The Lambertville Station Inn where the retreat was held, was situated right on the Delaware River, just a few miles upstream from where Washington crossed the Delaware!  Beautiful spot and a truly lovely Inn! 

Delaware River
The views from the room where we spent most of our time had a beautiful view of the river and of the bridge across it to New Hope, Pennsylvania.  

Magnolia / Tulip Tree
Spring was coming on strong and the tulip (magnolia) trees were bursting into bloom!  So gorgeous! 

Delaware Raritan Canal
On the first afternoon, there was a walking tour though Lambertville with a tour guide from the Historical Society.  It was a lovely look at the town! The Delaware Raritan Canal runs through it with a walking path alongside.  I'd have loved to take a walk along it, but unfortunately, after this first afternoon there, the weather turned quite chilly and rainy ~ not very good walking weather! 


All over Lambertville, the trees were bursting into bloom!  So gorgeous!

Those beautiful pale pink blossoms have to be the epitome of springtime beauty!

Slow Stitching Block
Each morning, there were Slow Stitching exercises.  Writing daily pages in the early morning ala Julia Cameron (The Artist's Way) and then a time of slow stitching.  Each day the focus was a bit different, but the idea was to truly focus on our stitching, to work meditatively, to be really aware and involved in the process.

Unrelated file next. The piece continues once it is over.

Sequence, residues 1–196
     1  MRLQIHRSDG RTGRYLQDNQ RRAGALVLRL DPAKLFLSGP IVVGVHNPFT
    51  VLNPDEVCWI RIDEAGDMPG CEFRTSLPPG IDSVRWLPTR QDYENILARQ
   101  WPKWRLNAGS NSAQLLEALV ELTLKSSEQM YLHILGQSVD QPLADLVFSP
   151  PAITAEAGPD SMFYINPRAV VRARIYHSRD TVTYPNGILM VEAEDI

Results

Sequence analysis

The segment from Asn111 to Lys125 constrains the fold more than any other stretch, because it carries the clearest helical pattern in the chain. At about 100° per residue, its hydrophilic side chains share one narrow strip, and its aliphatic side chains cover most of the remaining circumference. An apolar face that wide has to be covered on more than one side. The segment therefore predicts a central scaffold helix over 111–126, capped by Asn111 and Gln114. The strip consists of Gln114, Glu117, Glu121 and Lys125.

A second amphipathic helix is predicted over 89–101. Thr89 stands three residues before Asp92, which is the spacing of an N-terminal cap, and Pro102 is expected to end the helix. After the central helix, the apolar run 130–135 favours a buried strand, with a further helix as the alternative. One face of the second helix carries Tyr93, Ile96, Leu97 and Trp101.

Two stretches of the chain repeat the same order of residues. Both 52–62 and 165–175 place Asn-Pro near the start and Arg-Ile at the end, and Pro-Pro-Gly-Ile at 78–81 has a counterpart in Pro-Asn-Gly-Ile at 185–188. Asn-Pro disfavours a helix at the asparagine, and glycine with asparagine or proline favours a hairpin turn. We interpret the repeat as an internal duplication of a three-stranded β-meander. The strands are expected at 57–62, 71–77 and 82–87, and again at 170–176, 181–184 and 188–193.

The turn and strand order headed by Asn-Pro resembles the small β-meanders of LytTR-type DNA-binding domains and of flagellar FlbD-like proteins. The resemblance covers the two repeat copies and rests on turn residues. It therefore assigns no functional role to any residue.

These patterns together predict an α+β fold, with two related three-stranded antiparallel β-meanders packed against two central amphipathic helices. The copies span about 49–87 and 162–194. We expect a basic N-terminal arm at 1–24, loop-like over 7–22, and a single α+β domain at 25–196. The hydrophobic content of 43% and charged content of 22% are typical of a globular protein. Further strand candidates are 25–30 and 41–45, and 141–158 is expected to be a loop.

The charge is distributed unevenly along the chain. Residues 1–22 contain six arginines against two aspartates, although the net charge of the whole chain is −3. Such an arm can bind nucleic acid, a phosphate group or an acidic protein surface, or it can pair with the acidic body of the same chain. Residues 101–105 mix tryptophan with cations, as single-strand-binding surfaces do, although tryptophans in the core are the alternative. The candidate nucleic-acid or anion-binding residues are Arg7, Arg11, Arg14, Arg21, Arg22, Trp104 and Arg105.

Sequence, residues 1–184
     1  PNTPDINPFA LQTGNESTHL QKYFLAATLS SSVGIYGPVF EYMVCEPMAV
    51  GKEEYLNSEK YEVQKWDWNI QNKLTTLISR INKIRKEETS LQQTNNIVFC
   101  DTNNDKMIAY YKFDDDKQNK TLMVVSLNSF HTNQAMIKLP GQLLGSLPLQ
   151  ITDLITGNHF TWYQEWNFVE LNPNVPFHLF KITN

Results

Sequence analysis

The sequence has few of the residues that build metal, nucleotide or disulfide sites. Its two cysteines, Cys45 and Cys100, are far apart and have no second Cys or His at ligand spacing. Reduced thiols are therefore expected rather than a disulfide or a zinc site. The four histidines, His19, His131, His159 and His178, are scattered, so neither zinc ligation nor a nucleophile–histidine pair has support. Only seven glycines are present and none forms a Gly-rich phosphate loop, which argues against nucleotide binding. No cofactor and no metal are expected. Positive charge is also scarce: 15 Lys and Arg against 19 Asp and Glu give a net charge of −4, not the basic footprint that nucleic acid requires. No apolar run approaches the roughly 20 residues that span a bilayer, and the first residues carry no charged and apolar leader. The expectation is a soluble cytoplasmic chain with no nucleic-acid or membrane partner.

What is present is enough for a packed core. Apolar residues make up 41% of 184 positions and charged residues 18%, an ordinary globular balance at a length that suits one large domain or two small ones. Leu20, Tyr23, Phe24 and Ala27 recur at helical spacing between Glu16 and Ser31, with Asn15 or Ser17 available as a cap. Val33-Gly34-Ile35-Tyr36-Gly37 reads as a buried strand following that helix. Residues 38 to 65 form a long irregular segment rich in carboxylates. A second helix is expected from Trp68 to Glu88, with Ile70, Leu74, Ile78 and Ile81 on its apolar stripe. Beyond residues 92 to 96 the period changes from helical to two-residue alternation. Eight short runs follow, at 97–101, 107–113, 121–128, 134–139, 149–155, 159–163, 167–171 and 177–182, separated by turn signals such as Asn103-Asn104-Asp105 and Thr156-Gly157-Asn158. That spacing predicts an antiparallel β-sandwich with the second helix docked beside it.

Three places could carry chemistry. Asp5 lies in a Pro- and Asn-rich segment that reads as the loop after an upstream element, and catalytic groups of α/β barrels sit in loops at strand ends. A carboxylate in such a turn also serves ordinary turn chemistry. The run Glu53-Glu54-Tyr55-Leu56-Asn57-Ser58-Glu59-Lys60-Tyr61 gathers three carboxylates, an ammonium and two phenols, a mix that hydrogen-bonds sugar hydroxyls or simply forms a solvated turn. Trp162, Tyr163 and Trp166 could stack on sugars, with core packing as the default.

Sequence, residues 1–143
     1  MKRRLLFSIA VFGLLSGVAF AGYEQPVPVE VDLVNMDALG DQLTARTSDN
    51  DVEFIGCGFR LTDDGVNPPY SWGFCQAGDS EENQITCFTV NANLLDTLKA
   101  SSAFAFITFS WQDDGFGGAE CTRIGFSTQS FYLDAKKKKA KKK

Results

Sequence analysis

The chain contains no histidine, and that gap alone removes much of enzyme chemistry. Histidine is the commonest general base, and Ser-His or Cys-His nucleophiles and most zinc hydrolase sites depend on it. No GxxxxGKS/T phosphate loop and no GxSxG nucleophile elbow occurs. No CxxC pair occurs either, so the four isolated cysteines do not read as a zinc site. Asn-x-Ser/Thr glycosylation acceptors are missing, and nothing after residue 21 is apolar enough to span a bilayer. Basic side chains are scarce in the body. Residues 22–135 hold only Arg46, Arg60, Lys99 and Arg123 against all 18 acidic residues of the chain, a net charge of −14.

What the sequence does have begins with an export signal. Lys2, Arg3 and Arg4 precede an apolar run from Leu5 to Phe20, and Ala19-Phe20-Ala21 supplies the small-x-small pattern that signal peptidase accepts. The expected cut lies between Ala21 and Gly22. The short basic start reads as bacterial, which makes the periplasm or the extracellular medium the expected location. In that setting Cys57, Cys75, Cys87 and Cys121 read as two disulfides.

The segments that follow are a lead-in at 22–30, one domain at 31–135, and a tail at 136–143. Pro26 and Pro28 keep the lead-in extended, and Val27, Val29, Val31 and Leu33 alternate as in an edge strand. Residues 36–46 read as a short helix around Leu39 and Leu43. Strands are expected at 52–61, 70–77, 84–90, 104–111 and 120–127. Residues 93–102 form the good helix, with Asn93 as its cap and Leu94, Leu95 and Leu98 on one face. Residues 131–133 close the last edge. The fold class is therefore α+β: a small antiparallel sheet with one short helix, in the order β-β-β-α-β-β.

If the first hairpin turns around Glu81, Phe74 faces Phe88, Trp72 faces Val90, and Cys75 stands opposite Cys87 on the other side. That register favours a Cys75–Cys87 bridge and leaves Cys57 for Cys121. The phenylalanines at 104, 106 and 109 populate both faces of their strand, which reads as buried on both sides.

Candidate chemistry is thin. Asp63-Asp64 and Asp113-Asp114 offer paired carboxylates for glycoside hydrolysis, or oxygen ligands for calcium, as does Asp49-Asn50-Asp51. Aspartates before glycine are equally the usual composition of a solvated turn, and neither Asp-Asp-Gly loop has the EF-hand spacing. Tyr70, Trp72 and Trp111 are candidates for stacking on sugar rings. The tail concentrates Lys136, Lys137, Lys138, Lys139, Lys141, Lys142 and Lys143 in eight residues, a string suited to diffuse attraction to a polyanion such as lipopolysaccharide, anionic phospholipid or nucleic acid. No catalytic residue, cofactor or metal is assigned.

We had been told to bring 24 strips each of light and dark fabrics that were 1½" wide by the fabric width, and to use only fabrics from our stash.  For me, this turned out to be quite a challenge as I almost never buy fabric yardage anymore, usually purchasing fat quarters.  Eventually, I came up with just enough strips.  During our slow stitching exercises, we used them to create simple Log Cabin blocks.  I look forward to completing more blocks to finish using up all the strips that I cut.  I'm also thinking about combining them somehow with some crazy quilting.  I'm really happy with the blue and green themed fabrics that I used! 

That's Mark Lipinski in the turquoise shirt.  He made the rounds of the room throughout each day, giving encouragement, making us all laugh, and generally inspiring each one of us! Those black and white bags you see on the tables were our goodie bags that he engineered, filled to overflowing with all manner of things from fabric, a mug, various sewing supplies, a book, patterns, quilt batting,  etc.

Allie Aller Teaching
Each day there were workshops that we could attend if we wanted to to.  Allie Aller taught two different workshops.  Here she is teaching about combining decorative machine stitching with had stitching to create lovely crazy quilt seams!  

Composite Flower
I took her class on creating composite flowers using lace, trims and miscellaneous silk flower petals.  As you can see, I really had fun with this!  

Crazy Quilters at the Slow Stitching Retreat
Allie and I weren't the only crazy quilters present!  It was lovely to meet these lovely ladies and see their exquisite work in person!  (front row) Lydia Aguayo Talton, Arlene Delloro, (back row) Jocelyn Ausseil, Mary Anne Polovich Griffin, Elaine Larason, Allie Aller and myself.

Mark Lipinski & company discovering my work
As Mark made the rounds of the room with his entourage, they reached my quiet corner of the room! The response to my work was truly amazing (and to tell the truth a bit overwhelming!)  Allie captured a few photos of the moment for me!